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May 1956

An Objective Test Which Differentiates Between neurotic and Psychotic Depression

Author Affiliations

Montreal, Canada

From the Allan Memorial Institute of Psychiatry and McGill University.

AMA Arch NeurPsych. 1956;75(5):461-471. doi:10.1001/archneurpsyc.1956.02330230011001
Abstract

Standard psychiatric nomenclature differentiates several categories of depressive syndromes, such as manic-depressive, involutional, and reactive depression.* One of the main concepts underlying this classification is that neurotic and psychotic depressions are different. This concept is not universally accepted, and it has been criticized by several workers.† Grounds for criticism have included the overlapping of symptomatology, the unreliability of supposedly specific clinical differentiating features, and the almost equal incidence of suicidal risk in both types. Others consider the differentiation between neurotic and psychotic depression to be valid and useful.5 It is probably true to state that, even though there are theoretical objections to the distinction, it is widely applied in current clinical practice. The advent of electroconvulsive therapy (E. C. T.) has increased its practical importance, since psychotic depresssion is considered a better indication for E. C. T. than neurotic depression.6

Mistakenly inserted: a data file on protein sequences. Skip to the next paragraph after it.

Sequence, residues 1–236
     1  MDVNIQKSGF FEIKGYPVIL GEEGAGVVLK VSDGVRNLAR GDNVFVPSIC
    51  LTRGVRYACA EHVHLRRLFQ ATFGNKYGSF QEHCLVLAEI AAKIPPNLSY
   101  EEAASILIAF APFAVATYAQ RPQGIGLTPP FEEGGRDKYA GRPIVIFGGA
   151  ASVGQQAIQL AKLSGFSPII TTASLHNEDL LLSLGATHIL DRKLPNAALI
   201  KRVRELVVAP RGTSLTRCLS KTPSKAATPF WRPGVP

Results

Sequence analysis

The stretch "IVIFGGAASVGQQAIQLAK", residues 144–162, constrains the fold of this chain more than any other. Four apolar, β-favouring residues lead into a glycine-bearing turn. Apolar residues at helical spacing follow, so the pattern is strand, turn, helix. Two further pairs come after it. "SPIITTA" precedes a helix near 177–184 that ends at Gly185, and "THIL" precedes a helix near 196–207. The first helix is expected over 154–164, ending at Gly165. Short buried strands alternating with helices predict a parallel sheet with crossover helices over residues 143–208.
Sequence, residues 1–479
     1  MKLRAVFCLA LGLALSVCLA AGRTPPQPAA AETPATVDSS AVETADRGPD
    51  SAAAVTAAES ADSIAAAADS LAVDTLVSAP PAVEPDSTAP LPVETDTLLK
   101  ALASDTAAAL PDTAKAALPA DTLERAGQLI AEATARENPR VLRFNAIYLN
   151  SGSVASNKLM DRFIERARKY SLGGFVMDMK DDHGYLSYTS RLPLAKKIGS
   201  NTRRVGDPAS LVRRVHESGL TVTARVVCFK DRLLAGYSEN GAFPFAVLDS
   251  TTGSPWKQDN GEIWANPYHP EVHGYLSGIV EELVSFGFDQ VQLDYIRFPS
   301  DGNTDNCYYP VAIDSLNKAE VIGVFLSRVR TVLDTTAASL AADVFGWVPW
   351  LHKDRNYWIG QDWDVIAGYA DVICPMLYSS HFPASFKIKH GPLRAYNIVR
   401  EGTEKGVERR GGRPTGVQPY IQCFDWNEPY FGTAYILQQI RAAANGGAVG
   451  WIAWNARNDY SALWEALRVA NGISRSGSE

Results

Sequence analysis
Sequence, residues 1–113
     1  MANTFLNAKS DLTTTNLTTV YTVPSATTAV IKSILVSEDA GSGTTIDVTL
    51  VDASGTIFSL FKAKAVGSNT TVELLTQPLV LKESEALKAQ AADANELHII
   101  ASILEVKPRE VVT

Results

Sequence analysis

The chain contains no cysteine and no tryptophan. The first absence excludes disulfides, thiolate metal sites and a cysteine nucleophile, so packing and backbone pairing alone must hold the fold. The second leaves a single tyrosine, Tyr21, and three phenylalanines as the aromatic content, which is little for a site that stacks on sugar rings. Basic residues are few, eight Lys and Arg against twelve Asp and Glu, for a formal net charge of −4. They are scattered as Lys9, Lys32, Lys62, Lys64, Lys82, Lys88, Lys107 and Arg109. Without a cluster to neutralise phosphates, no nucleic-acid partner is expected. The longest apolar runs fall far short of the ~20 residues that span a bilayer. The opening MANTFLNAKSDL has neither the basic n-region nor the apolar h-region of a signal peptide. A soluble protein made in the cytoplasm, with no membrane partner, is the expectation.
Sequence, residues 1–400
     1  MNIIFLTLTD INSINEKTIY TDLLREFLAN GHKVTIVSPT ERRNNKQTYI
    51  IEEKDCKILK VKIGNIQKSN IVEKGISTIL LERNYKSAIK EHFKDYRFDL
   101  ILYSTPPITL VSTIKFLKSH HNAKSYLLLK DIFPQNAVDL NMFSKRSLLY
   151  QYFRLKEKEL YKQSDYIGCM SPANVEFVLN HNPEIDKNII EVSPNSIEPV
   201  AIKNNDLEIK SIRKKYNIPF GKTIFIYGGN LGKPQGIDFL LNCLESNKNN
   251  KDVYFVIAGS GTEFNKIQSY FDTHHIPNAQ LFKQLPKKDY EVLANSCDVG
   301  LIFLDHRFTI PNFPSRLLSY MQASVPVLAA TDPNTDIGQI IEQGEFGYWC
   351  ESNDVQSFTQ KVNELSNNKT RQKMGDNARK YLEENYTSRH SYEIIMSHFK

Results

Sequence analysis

As the disagreement concerning the differentiation between neurotic

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